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Objects do not have potential energy. Systems of objects have potential energy due to forces of their interaction. We colloquially speak of the potential energy of an object in a gravitational field, but it's really the potential energy of a small mass and a planet. When the small mass falls, the majority of the potential energy changes into the kinetic ...


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If there were a way to remove/transfer the potential energy of a person or object, what would be left? I think you'd be left with gamma radiation and neutrinos. Like Acid Jazz said, you take potential energy out of an object by dropping it. What happens is that some of its mass- energy is converted into kinetic energy, and ends up getting radiated away. ...


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For a diode, no voltage means no current (and vice versa). That is, an operating point of a diode is (0 V, 0 A). So with $I_c=0$, there is no voltage dropped across the diode, so point $A$ is at the same potential as $V_{cc}$


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I think the electric field is zero on A, B, C, D and E, because otherwise there would be current, which would be odd And you are totally right for an electrostatic system (with no current). Instead of explaining it by, "this would be odd", let's have a look at what happens in the instant you add the wire to the battery pole.: Before the wire touches ...


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The potential, $\phi$, is defined as the the potential energy, $U$, of a system of charges, $Q$ and a unit charge. The potential energy of a system of charges is defined to be the negative of the work done by the electric field of one charge, $Q$, on another charge $q$, as $q$ is moved from infinitely far away to some distance $r$ from $Q$. If $q$ is a unit ...


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It is a convention that field lines point from positive to negative. Now because they point from positive to negative we get $$E = -{dV\over dr}$$ (in spherical symmetry). If you have a positive charge at the origin then the potential at the origin is positive and it decreases as you move away from the origin - thus $dV \over dr$ is negative because ...


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Indeed they can. This can even be seen in a classical set of equations if the interaction between the two polarizable objects is strong enough. Take a simple 1d problem with two polarizable point particles in a line. For low polarizations, we assume a linear relation: $$ p_1 = \alpha E(r_1) = \alpha (E_2 + E_{ext}) = \alpha (k p_2 + E_{ext})$$ $$ p_2 = ...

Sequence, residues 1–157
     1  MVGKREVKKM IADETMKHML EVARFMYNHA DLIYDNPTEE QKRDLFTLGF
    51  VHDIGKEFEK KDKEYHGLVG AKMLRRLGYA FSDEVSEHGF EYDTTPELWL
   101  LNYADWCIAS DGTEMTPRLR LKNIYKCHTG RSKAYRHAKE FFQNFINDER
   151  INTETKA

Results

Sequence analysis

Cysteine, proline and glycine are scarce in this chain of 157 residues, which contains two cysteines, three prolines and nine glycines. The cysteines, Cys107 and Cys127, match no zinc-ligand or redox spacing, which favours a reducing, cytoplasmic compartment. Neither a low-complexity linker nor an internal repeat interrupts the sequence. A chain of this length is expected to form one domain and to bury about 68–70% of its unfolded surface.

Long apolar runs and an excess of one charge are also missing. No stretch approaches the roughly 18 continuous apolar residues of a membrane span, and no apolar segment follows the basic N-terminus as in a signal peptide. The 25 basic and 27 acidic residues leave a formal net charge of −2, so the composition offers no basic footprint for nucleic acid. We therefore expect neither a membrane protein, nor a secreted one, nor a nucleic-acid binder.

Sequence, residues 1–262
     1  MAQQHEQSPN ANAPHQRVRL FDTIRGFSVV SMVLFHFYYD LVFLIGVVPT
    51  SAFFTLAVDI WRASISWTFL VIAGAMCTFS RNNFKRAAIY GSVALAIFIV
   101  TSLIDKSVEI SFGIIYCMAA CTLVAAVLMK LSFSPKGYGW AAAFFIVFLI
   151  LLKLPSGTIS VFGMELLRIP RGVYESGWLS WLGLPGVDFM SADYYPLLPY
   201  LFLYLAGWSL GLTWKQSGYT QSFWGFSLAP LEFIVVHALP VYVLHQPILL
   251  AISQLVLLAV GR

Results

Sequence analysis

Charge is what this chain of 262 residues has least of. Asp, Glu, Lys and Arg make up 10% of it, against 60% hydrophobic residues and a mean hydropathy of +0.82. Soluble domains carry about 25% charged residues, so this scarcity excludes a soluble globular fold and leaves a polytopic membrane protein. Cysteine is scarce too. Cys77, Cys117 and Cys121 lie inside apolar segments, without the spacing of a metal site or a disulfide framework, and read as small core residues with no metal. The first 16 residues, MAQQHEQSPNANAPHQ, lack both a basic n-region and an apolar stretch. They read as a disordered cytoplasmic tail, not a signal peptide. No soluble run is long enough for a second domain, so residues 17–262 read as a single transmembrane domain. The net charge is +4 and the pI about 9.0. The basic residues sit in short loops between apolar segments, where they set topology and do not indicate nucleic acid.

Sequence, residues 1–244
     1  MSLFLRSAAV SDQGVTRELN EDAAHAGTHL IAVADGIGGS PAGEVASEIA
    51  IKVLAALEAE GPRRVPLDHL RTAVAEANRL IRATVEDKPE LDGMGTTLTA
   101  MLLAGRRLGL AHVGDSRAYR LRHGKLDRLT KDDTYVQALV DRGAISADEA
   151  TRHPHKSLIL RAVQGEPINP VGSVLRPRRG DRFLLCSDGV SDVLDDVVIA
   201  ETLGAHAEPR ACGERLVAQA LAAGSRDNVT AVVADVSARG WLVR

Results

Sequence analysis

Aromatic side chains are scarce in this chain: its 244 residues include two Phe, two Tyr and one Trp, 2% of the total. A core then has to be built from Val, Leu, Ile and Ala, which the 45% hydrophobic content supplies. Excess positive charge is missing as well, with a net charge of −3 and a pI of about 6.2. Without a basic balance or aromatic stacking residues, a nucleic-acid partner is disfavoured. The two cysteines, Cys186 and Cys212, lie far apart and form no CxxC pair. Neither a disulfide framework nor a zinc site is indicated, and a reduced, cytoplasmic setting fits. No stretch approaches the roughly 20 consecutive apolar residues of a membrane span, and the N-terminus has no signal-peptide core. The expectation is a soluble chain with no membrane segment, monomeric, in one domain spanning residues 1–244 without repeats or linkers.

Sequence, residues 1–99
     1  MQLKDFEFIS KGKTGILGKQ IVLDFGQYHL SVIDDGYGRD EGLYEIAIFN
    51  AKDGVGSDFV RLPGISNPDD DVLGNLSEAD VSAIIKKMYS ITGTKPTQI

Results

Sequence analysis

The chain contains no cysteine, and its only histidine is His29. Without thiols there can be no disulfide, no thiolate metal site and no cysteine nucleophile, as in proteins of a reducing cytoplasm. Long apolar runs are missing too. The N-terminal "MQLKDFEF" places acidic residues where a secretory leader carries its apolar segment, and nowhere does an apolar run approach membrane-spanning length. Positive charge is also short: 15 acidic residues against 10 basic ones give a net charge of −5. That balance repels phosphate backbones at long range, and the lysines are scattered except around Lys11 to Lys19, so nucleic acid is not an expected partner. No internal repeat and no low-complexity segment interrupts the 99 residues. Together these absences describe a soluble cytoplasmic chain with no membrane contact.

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Consider a plane of charge. For distances from the plane which are small compared to the size of the plane the electric field will be constant. In the capacitor, with two oppositely-charged plates and relatively small gap, the electric field is a constant, depending only on the overlapping plate area and the amount of charge, $E_{gap}=Q/(k\epsilon_o A)$, ...


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Since this is a homework problem, I won't provide a full solution, but here's a nudge in the right direction. Take a look at these two plots of the effective potential: k = -1, $\alpha$ = 1, L = 0.25 k = -1, $\alpha$ = 1, L = 1 What's different about these two effective potentials? We only changed $L$ between the two graphs; what does that imply about ...


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I think your problem is that you're adding the electric fields like scalars, rather than breaking then into their vector components. You have: $ E_1 = \frac{q}{2\pi\varepsilon_0\rho_1} $ and $ E_2 = \frac{-q}{2\pi\varepsilon_0\rho_2} $ What you should have is $ E_1 = \frac{q}{2\pi\varepsilon_0}(\frac{1}{\rho_{1x}}\hat{x} + \frac{1}{\rho_{1y}}\hat{y})$ and ...